…at the Santa Cruz Arboretum.
My friend reminded me, through posting the cutest video of a prairie dog, that I had taken a few photos of these adorable animals at the San Francisco Zoo a little while back. Just look at these little guys :).
Well, I mean, obviously she’s a cat. But, you know.
I went away with my dear friend Inna for a couple of days to Bodega Bay and while we were there we visited the beautiful and deeply touching Children’s Bell Tower memorial. It is a memorial to Nicholas Green, a young boy who was killed in 1994 when his family was holidaying in Calabria, Italy. Thieves mistook the family’s rental car for a jeweller’s car and attempted a robbery, and Nicholas was shot and killed as a result when the thieves opened fire. His parents then chose to donate his organs and this incredible generosity came to be known as “The Nicholas Effect”, greatly increasing the rates of organ donation in Italy. You can read more about this story here and here, because if I keep on writing, I’m going to be a blubbering mess again.
I got a new lens (Tokina 11-16mm f/2.8) for an upcoming trip to Iceland, Norway and the UK. So it’s intended for the big landscapes we’re going to see, but of course I had to test it out as soon as it arrived last night. Thank goodness for willing fuzzball subjects :).
The husband and I had the rare opportunity to visit one of California’s parks that doesn’t allow dogs (and there are a lot of those, sadly): the beautiful Point Lobos. We’d attended a beautiful wedding in Monterey the night before and all of our fuzzy babies were being taken care of by a good friend, so the timing was perfect. And, as usual, I need to get a bigger lens for sightings of sea otters and harbour seals. 🙂
Spied at the UC Berkeley Botanical Garden with me wishing I’d had a more appropriate lens! (crop, crop, crop)
We popped up to UC Berkeley Botanical Garden today to see Trudy the titan arum (Amorphophallus titanum, for those unafraid of a giant, misshapen phallus). The titan arum is also known as the corpse flower, because when in bloom the stench produced is supposed to smell very much like a decaying body. After their first bloom (which can take 7-10 years to build up to), they then bloom only once every 2-7 or so years, so we felt it was kind of a big deal to get our arses up to UC Berkeley when they finally announced on their Facebook page that Trudy was ready for her public. So, with all the anticipation, I was ready to be completely amazed by the flower and completely grossed out by the smell, but alas (?), when we got to spend five minutes with Trudy, she had not pulsed any smell out in our direction (or “plantfarted”, as I’ve coined it). I didn’t mind, though, because it was quite the thrill to see such an unusual and rare plant at all. It was so encouraging to see the long lines at the garden to see Trudy, too, and I can’t help but think that a lot of it was down to the power of social media to get the word out. Trudy was so in demand that the Garden was running a shuttle bus to a carpark and back all day, not to mention staying open two hours longer to accommodate all the eager beavers. In front of us in the long long to the tropical room where Trudy was being admired all day was a lovely father and his two young sons. He spent the entire time explaining absolutely everything to his boys and they hung off his every word. Later I saw them playing some kind of make-believe wizard game on the lawn and I couldn’t help but think what a great parent he was, and what sweet kids. They were all amused at a rather peristent bee that kept landing on the flowers of my handbag and I have to say, the giggling was contagious ;). After visiting Trudy, we had an entirely pleasant wander around the garden and then visited Cha Ya, our favourite Japanese (vegetarian!) restaurant in Berkeley.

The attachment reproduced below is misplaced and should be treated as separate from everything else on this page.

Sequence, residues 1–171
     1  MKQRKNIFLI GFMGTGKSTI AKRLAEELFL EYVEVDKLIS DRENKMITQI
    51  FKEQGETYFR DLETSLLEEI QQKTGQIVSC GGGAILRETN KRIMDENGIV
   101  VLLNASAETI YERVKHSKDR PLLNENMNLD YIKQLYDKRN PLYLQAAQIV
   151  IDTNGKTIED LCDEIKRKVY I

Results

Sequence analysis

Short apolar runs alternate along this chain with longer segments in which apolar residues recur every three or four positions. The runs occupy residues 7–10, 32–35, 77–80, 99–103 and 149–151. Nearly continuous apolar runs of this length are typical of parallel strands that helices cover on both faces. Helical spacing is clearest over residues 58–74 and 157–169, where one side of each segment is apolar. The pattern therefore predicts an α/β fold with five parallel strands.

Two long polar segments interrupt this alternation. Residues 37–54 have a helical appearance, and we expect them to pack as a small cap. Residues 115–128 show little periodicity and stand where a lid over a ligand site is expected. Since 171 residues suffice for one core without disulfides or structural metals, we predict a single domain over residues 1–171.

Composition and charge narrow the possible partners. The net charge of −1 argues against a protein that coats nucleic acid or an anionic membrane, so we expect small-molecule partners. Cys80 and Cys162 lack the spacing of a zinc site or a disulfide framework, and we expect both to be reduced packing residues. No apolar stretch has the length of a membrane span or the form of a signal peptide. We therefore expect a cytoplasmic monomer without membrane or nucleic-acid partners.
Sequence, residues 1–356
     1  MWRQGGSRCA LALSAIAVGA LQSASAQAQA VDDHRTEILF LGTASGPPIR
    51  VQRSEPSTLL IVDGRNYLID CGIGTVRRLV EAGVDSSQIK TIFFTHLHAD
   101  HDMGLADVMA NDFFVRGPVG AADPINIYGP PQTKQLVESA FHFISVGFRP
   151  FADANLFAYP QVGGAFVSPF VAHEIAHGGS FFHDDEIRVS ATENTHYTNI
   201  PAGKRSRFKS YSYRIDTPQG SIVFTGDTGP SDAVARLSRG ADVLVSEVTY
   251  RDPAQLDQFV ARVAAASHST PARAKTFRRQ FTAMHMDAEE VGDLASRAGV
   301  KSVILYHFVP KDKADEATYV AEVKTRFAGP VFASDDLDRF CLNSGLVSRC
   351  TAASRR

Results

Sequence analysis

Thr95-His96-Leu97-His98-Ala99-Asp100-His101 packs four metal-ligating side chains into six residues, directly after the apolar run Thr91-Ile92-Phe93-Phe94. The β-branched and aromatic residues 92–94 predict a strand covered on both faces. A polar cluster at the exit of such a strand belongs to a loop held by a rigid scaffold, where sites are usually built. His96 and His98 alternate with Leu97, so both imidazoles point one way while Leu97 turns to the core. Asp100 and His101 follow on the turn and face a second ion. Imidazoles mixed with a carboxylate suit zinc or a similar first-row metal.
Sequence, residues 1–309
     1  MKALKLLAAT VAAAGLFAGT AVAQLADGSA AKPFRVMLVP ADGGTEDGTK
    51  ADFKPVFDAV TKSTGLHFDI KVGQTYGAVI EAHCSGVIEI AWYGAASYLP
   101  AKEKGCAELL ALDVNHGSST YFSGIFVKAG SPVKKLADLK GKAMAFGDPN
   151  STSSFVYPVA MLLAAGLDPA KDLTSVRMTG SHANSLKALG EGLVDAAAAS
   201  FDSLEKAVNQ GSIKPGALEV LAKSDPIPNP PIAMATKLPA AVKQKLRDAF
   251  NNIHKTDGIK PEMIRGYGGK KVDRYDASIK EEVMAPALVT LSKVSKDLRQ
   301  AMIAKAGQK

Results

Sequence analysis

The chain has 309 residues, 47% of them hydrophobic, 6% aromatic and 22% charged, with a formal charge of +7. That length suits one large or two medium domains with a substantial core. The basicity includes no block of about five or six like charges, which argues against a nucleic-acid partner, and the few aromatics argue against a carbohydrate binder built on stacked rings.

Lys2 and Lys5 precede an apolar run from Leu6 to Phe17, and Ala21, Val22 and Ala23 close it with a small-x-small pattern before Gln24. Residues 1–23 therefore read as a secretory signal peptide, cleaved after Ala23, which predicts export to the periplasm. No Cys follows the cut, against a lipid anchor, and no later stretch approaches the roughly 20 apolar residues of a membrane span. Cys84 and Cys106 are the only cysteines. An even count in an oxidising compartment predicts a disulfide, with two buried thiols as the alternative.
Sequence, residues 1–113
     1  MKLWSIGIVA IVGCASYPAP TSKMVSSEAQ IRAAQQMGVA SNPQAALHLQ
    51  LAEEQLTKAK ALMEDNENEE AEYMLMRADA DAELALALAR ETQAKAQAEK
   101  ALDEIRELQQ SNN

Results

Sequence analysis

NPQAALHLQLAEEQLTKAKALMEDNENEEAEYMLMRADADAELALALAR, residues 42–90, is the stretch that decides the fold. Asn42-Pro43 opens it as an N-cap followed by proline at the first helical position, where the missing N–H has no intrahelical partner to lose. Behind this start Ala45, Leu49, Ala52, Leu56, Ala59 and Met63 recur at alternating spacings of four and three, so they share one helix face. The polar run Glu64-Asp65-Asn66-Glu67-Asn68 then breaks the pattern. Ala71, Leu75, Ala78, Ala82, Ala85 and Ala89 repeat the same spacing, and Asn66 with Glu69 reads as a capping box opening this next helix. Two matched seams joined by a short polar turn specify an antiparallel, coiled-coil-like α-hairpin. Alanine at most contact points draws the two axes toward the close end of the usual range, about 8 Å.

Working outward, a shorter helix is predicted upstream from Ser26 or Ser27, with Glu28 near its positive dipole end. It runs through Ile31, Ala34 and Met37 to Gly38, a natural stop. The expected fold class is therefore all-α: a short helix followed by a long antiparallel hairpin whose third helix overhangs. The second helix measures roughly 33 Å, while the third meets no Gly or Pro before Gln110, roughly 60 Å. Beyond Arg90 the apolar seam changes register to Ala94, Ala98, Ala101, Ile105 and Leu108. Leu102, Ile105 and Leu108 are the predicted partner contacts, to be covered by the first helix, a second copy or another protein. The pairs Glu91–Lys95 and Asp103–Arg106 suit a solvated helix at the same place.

I was looking through some old photos this morning and came across this ridiculous face. Miro, five years ago :).
This is Tzara. He’s 17 years old and was born in Hopper’s Crossing, Victoria, Australia. In his life, he has, like his human mother, lived in Melbourne (Australia), Singapore (Singapore), Pittsburgh (USA) and Saratoga (USA). He is a total sweetheart and I love him.
This lavender looks like it’s growing tiny pansies on it.
Eventually I went to help out my poor husband, but it was important to get photos first, right? 🙂
This is Myrna, named after the delightful actor Myrna Loy. We adopted her after we discovered that some neighbours had abandoned her when they moved out. She’s a sweet girl and is gradually getting used to the rest of our fuzzballs. She’s particularly fond of the rainbow ribbon toys, as you’ll see in the pictures below:
My magnificent dog being fabulous 🙂
So, the bloke and I went on a week-long trip to stay at a sweet cabin in Carmel. We were celebrating our 10th wedding anniversary a few months late. While I took hundred of photos, here’s a few to start with. More processing when I get some time!